First Reading for this Sunday, August 25: Isaiah 66:18-21.
This reading comes from the very last chapter of Isaiah, a prophet sometimes referred to as the “Shakespeare of the Prophets.” The book can be divided into two major sections: the Book of Judgment (chaps. 1-39) and the Book of Consolation (chaps. 40-66). The first section announces the Lord’s judgment of the oppressive nations and of unfaithful Israel; the second section reveals how the Lord will redeem his people from exile and oppression. Our reading is at the tail end of the Book of Consolation and it brings the prophet’s picture of redemption to a climactic close. The foreignness of the imagery makes this chapter a little challenging to understand at first blush, so I will try to break down some of the details here.
What Kind of Celebration?
When we try to describe what heaven will be like, we are often at a loss for words. We can suggest happiness, rest, unity with God, brightness, clouds, but we can’t quite put our finger on what it will look like. One biblical image that we can grip more easily is heaven as the wedding feast of the Lamb in Revelation. We have been to wedding feasts before so we have at least an inkling of what that looks like: eating, drinking, music, dancing, and lots of smiles. Here the prophecy of Isaiah points to the climax of salvation history, the end, the final bringing about of God’s plan. He paints the picture in terms of celebrations the Jews know well, the pilgrimage feasts.
The ancient Jews celebrated several holidays by going on pilgrimage to the Jerusalem temple. These feasts, Passover (Pesach), Pentecost (Shavuot), and the Feast of Booths (Sukkot) were connected with events in Israel’s history and with agricultural occasions such as harvest. During these feasts, Jewish men would come to Jerusalem from around the Holy Land, bringing sacrifices and grain offerings from their farms. They would eat ceremonial meals in the holy city and worship the Lord with special rituals. These feasts would be a wonderful time of unity, celebration and encounter with God. Isaiah uses these pilgrim feasts to portray the end, when God will finally gather in the redeemed. Here we can see a special connection to the ancient Feast of Booths (Lev 23:33-43), which is also called the Feast of In-Gathering since it is a harvest-time feast, a time when farmers “in-gather” produce (Exod 23:16). However, the final “in-gathering” that the prophet speaks of is a bringing in of people rather than grain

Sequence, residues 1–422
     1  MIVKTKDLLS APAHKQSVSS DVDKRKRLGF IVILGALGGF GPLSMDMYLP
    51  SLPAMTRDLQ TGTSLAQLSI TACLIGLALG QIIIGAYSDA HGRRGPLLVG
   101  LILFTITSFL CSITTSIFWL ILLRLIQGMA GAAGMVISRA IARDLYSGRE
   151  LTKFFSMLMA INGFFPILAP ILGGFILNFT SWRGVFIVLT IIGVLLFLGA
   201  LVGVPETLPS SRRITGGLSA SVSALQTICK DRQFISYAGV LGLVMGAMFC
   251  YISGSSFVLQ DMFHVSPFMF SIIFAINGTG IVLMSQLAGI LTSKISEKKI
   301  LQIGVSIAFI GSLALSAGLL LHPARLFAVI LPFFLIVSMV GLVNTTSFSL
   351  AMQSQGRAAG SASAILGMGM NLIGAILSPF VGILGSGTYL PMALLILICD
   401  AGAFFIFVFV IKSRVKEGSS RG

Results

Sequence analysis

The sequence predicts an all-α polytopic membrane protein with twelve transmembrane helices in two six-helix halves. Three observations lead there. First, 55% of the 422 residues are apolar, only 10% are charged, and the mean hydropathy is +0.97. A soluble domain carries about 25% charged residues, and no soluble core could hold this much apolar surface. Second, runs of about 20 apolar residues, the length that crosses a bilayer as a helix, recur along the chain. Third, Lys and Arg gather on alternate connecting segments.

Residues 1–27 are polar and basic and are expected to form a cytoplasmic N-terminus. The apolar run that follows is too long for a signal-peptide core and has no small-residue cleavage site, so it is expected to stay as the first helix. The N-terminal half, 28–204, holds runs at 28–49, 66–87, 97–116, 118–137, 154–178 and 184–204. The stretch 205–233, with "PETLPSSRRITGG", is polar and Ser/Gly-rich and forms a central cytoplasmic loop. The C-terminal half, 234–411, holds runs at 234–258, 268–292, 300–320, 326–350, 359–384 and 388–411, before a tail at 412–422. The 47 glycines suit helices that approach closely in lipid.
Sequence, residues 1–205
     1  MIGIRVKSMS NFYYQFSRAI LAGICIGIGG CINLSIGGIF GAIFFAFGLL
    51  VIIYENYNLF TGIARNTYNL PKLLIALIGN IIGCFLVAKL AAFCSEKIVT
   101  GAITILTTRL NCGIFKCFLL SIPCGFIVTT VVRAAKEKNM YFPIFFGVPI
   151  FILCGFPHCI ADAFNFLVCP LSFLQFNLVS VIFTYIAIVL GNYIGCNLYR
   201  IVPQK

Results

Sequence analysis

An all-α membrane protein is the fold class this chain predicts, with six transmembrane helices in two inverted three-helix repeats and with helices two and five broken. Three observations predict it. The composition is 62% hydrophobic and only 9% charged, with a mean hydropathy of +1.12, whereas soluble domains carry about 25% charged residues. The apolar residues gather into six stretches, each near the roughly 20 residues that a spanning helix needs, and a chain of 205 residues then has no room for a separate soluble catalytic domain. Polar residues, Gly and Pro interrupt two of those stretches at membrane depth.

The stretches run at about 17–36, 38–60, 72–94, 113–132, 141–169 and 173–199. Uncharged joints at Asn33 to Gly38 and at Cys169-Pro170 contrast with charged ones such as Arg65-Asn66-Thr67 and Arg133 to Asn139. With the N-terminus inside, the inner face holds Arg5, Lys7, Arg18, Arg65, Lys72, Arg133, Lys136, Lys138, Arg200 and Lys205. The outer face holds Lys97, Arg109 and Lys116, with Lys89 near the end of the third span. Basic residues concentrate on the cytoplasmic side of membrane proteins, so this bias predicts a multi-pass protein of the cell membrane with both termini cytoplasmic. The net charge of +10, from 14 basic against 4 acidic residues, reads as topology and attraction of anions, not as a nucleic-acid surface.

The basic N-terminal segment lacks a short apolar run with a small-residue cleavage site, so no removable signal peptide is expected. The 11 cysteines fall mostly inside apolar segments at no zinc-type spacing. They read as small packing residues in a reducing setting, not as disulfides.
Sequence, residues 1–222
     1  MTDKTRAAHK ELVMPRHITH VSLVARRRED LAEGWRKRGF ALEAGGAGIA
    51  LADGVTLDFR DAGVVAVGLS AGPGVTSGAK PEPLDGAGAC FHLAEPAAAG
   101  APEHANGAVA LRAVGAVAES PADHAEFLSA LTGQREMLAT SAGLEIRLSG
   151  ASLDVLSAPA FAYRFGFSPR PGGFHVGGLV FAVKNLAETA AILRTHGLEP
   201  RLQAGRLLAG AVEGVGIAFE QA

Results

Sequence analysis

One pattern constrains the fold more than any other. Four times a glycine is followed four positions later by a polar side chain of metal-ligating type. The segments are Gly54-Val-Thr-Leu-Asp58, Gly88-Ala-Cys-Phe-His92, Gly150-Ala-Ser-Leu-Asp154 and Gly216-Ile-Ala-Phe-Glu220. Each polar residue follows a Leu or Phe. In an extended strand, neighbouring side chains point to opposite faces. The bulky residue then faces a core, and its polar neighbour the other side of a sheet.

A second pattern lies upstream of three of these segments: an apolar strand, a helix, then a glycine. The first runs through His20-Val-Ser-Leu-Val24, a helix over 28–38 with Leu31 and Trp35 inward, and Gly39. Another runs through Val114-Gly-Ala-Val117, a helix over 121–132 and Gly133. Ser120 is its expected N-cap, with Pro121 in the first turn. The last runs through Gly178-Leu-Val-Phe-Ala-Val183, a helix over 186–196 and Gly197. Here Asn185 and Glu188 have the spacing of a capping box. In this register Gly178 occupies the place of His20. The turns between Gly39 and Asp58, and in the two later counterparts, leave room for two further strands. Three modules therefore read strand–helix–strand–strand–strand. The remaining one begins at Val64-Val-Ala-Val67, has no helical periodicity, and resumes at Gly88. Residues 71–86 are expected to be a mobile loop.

Whom Does God Gather?
The beginning of the prophecy says, “I come to gather nations.” While it could be argued that the prophecy is talking only about gathering the Israelites who had been scattered among the nations, I believe it actually points to the nations themselves, the Gentiles. (The word here is goyim, usually translated as “Gentiles” or “nations,” not a word for Jews.) This gathering of the nations is the aim of God’s plan of redemption, to bring all peoples to worship him together, to bless “all the families of the earth” (Gen 12:3). Here the Gentiles are brought to Jerusalem to join in the worship of God as at a pilgrim feast.
Sending and Gathering
In the prophecy, the Lord declares not only that he will gather the nations, but that he will send “fugitives” out to them to announce his “glory among the nations.” These “escapees” or “survivors” are those who have escaped oppression by the nations and God’s judgment. We can see in them the earliest Christian missionaries like St. Paul, who went around the world proclaiming the Gospel message. The role of these missionaries is bring in a “harvest” of Gentiles and gather them to the Lord at Jerusalem. While the idea of bringing an offering to Jerusalem (Isa 66:20-21) is mostly figurative for our purposes, St. Paul took it quite seriously. When he went around the Roman world proclaiming the Gospel to the Gentiles, he also took up a collection from the Gentiles to bring to the Christians at Jerusalem (Rom 15:25-27; 2 Cor 8–9).
Connection to the Gospel Reading
In the Gospel reading (Luke 13:22-30), Jesus mentions that “people will come from the east and the west and from the north and the south and will recline at table in the kingdom of God.” Here again, we see the in-gathering of the Gentiles pictured. God plans to send missionaries and evangelists out to the Gentiles and then to bring them in to dine at his table, in intimate fellowship with him. Both Isaiah and Jesus portray the end, the consummation of God’s plan of salvation, in terms of a gathering-in of Gentiles to celebrate and worship God together. Both show salvation side-by-side with judgment. Before and after the selection from Isaiah the judgment of the wicked by fire is described (Isa 66:15-16, 24) and in Luke, Jesus mentions “wailing and grinding of teeth” (Luke 13:28) for the condemned. These two readings hold in tension two contrasting ends, the choice that is always before us: judgment or salvation. We can either be cast out or gathered in. If we hear the preaching of God’s “glory” and follow Jesus, we can look forward to the day we are gathered in to celebrate with the redeemed and enjoy the presence of God forever.